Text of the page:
Recorded: EIP 2020 ● Language: English ● Duration: 105 minutes Topic: Adolescent Medicine

Presentation 1: Adverse Childhood Experiences, Trauma-Informed Practice and Ending Cycles of Violence

MARK BELLIS, Director of Policy, Research and Development, Public Health Wales, UNITED KINGDOM

Learning Objectives: (1) Adverse childhood experiences are common and result in substantive health harms in childhood, adolescence, and across the life course (2) Different ACEs (e.g. child maltreatment and household domestic violence) tend to cluster within specific households, and the health, social and economic costs of leaving such ACEs unaddressed are substantive (3) Multi-sectoral programmes that build trauma-informed services and communities are already showing promising results through supporting children and adolescents with a history of ACEs and building resilience

Presentation 2: International Trends in Bullying and Fighting: The role of supportive relationships

WILLIAM PICKETT, Professor of Epidemiology, Department of Health Sciences, Brock University, CANADA, WENDY CRAIG, Co-founder and Scientific Director, Promoting Relationships and Eliminating Violence Network, CANADA, NATHAN KING, PhD candidate in Epidemiology and Research Associate, Department of Public Health Sciences, Queen’s University, CANADA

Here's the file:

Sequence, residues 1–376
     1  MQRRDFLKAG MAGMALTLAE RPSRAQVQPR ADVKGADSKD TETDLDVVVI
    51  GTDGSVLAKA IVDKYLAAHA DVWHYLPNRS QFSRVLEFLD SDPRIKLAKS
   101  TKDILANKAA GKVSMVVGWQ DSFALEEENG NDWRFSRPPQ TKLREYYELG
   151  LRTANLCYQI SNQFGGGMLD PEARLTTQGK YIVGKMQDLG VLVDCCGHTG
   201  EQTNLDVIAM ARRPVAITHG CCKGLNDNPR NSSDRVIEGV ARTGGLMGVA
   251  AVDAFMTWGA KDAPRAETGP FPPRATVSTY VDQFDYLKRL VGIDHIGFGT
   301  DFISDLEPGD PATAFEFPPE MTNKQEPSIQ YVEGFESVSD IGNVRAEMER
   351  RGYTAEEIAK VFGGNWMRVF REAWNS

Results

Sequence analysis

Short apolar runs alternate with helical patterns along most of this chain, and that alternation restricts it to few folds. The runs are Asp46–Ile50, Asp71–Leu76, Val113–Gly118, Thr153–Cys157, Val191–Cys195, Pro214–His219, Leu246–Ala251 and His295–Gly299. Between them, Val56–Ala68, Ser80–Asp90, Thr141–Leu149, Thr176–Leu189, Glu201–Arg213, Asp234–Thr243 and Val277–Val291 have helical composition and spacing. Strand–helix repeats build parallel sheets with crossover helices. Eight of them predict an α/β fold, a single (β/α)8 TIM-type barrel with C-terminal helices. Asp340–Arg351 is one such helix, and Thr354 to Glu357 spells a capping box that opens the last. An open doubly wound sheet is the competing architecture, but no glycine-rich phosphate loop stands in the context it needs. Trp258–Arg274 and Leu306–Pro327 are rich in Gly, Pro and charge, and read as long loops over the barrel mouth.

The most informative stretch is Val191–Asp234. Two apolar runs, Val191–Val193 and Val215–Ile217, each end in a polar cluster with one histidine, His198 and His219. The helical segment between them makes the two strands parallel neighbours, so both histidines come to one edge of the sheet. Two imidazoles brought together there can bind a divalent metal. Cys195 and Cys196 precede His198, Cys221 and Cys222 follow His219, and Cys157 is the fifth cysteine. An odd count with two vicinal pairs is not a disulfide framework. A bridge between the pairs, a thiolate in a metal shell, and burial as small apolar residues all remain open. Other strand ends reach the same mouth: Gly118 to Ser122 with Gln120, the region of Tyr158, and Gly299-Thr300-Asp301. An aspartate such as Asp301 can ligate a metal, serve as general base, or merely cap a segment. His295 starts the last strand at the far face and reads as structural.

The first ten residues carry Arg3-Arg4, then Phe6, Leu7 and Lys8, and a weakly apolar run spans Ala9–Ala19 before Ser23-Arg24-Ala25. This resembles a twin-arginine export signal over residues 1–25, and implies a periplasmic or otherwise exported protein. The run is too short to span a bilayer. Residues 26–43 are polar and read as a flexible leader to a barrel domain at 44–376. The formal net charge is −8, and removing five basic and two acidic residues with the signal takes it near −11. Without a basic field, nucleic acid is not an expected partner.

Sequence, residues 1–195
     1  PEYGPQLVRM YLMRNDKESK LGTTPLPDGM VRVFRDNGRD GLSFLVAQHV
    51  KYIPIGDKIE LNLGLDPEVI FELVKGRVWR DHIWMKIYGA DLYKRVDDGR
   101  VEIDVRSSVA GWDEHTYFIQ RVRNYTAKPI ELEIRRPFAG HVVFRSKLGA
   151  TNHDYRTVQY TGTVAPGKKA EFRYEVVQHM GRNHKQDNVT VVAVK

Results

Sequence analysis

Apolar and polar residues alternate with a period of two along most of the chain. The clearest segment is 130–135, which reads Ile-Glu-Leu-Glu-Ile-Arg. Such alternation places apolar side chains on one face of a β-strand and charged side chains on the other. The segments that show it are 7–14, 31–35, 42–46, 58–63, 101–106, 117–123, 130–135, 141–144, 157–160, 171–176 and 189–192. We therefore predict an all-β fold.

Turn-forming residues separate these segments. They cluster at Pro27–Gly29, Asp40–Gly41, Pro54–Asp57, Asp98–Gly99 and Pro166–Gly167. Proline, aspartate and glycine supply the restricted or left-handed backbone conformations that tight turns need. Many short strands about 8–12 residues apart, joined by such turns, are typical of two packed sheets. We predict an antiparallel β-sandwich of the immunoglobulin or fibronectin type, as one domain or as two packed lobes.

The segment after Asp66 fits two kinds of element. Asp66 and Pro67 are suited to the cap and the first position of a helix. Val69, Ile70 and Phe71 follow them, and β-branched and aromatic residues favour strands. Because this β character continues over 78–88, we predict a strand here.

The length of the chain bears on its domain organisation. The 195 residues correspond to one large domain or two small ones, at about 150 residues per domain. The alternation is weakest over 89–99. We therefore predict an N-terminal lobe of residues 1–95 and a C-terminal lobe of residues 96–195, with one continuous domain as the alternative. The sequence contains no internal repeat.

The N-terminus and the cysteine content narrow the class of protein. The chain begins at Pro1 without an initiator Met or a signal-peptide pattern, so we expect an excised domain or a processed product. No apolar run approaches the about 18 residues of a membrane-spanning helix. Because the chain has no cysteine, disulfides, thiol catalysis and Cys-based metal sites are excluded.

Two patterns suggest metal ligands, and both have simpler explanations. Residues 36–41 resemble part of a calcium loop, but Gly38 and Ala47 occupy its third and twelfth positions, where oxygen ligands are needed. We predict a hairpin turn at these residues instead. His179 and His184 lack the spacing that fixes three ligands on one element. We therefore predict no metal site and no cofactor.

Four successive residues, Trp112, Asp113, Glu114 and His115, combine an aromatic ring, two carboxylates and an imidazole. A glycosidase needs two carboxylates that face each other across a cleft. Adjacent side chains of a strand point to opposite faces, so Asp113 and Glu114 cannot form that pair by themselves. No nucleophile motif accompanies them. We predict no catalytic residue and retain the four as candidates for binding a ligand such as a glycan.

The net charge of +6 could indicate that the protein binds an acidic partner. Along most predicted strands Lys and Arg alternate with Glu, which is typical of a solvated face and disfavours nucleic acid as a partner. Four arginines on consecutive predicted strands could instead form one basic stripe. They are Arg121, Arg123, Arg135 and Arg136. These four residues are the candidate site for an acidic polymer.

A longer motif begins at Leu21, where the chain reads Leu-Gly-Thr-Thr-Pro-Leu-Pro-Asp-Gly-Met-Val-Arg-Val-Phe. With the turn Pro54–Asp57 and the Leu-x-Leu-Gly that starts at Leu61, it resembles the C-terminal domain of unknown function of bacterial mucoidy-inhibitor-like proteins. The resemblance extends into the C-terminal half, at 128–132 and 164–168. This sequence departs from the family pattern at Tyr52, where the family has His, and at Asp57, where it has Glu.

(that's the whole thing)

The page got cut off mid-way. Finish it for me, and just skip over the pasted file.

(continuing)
Learning Objectives: (1) Highlight recent cross-national trends in adolescent fighting and bullying behaviour (2) Examine the role of supportive relationships in the links between fighting and bullying, and mental health problems (3) Consider implications for practice and policy.

Presentation 3: Where Does the Violence Start – and Can We Prevent It?

HELEN MINNIS, Professor of Child and Adolescent Psychiatry, University of Glasgow, UNITED KINGDOM

Learning Objectives: (1) Pre-schoolers are often aggressive, and this aggression usually diminishes with development. (2) Persistent aggression is associated with the experience of family violence in early life. (3) Treating/addressing family neuro-developmental problems might be a new way to break the intergenerational cycle of violence.